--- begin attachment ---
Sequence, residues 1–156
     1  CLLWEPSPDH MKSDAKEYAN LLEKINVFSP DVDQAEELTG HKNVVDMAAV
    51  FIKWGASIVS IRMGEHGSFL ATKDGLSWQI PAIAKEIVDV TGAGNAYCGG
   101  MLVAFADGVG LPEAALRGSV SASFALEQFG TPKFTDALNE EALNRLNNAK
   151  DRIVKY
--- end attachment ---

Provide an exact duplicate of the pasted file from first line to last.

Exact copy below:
Sequence, residues 1–156
     1  CLLWEPSPDH MKSDAKEYAN LLEKINVFSP DVDQAEELTG HKNVVDMAAV
    51  FIKWGASIVS IRMGEHGSFL ATKDGLSWQI PAIAKEIVDV TGAGNAYCGG
   101  MLVAFADGVG LPEAALRGSV SASFALEQFG TPKFTDALNE EALNRLNNAK
   151  DRIVKY